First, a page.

The ongoing attachment to the colonial mindset by many here was made clear yet again in 2016 when Mayor Mitch Landrieu decided that four statues of U.S. Civil War Confederates, erected during the Jim Crow days, were to be removed from public space. [Jim Crow laws were enacted by local and state governments to enforce racial segregation and discrimination in the United States from the late 19th Century up until, in some cases, the 1960s.] The city remained in an uproar for the next six months as the idea was debated in contentious City Hall public hearings and in boardrooms and bars. The lack of agreement on what to do was indicated by the Council’s vote of 6-1 to remove the statues but with no funds provided and the business community’s ignoring the mayor’s pleas for equipment loans for their removal. As the last of the four statues was dismantled (by masked city workers) on the evening of 22 May 2017, Confederate flags were still being waved by defiant protesters in front of weeping African-American activists who thought that even this the day would never come. The argument continues as decisions about where the statues will go and what will be raised in their place have yet to be made as of this writing. What is clear already is that the issue of racism will continue to tragically thrive in a city populated by a majority of people of color.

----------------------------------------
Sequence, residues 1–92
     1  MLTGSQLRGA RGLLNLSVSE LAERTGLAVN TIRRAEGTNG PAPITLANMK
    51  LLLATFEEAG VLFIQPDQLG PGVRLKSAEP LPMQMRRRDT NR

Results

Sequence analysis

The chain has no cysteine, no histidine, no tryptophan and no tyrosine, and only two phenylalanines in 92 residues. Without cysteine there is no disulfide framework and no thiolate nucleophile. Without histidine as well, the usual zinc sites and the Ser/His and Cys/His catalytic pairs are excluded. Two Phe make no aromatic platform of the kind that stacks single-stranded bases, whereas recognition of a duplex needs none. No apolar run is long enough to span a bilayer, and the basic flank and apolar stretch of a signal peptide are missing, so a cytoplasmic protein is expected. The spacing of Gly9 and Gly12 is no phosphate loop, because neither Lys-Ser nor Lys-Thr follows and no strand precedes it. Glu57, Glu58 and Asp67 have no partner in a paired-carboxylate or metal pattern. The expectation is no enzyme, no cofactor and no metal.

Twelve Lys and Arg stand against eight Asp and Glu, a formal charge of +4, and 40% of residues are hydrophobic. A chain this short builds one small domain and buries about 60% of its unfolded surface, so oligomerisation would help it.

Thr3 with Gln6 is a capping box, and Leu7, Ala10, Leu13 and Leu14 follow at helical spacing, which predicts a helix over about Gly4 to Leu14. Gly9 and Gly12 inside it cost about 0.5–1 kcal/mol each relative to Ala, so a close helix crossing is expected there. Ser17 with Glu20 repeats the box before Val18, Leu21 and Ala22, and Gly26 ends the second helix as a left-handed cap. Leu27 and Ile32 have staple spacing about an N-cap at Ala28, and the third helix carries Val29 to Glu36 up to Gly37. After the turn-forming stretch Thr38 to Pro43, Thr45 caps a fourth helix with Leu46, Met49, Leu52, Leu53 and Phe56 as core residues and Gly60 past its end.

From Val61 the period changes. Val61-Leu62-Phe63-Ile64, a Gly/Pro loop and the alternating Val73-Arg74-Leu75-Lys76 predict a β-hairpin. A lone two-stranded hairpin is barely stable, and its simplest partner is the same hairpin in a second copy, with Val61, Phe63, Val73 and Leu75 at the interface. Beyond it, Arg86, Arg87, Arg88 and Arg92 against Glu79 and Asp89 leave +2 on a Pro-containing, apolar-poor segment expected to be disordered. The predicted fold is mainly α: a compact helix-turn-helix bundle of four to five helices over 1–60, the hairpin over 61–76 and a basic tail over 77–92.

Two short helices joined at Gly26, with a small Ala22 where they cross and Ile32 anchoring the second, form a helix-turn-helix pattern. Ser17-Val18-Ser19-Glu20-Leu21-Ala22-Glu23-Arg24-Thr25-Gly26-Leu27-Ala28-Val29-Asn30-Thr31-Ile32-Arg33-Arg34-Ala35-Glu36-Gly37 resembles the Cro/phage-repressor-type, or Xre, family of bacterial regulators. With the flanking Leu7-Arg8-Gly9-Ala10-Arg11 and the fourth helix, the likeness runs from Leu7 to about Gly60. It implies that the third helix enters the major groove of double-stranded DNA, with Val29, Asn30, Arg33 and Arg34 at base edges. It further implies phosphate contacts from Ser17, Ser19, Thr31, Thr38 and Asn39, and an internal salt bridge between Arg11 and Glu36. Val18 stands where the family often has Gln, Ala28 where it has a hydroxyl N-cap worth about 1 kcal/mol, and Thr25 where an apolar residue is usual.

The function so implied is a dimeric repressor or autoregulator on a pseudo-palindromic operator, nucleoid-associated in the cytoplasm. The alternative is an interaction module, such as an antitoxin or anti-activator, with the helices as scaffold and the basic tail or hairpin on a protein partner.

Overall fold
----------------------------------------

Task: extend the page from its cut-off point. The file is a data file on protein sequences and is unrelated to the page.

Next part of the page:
That long decline and the current controversy for updating its symbols in public spaces is why my current pile of books is about public involvement in the design of cities. One person who considered this issue in great detail was writer Jane Jacobs, best known as the author of The Death and Life of Great American Cities, Cities and the Wealth of Nations, and six other books, including a children’s book and a memoir about a great aunt who was a teacher on Alaska’s frontier.
Her life is the subject of a new opera, a new documentary (“Citizen Jane: Battle for the City”), and the impetus for a series of annual walks (“Jane’s Walks”) organized in a dozen cities on the anniversary of her birth in early May. Since Jacobs’ work could never be separated from the places and people that she lived in and around, Kanigel’s biography offers much relevant detail about how that life was shaped. And because she will be quoted for generations, it is helpful to finally have a record of the circumstances about each of her books to refer to when others get her wrong. Of course, her big idea was that cities were the intersection of achievement and innovation and to fulfill that role, had to be considered and managed according to their best uses in making human-scaled connections, and not through a lens of bureaucratic tangles of misshapen policy and hubris handed down from City Hall, or by the best way for developers to sell it.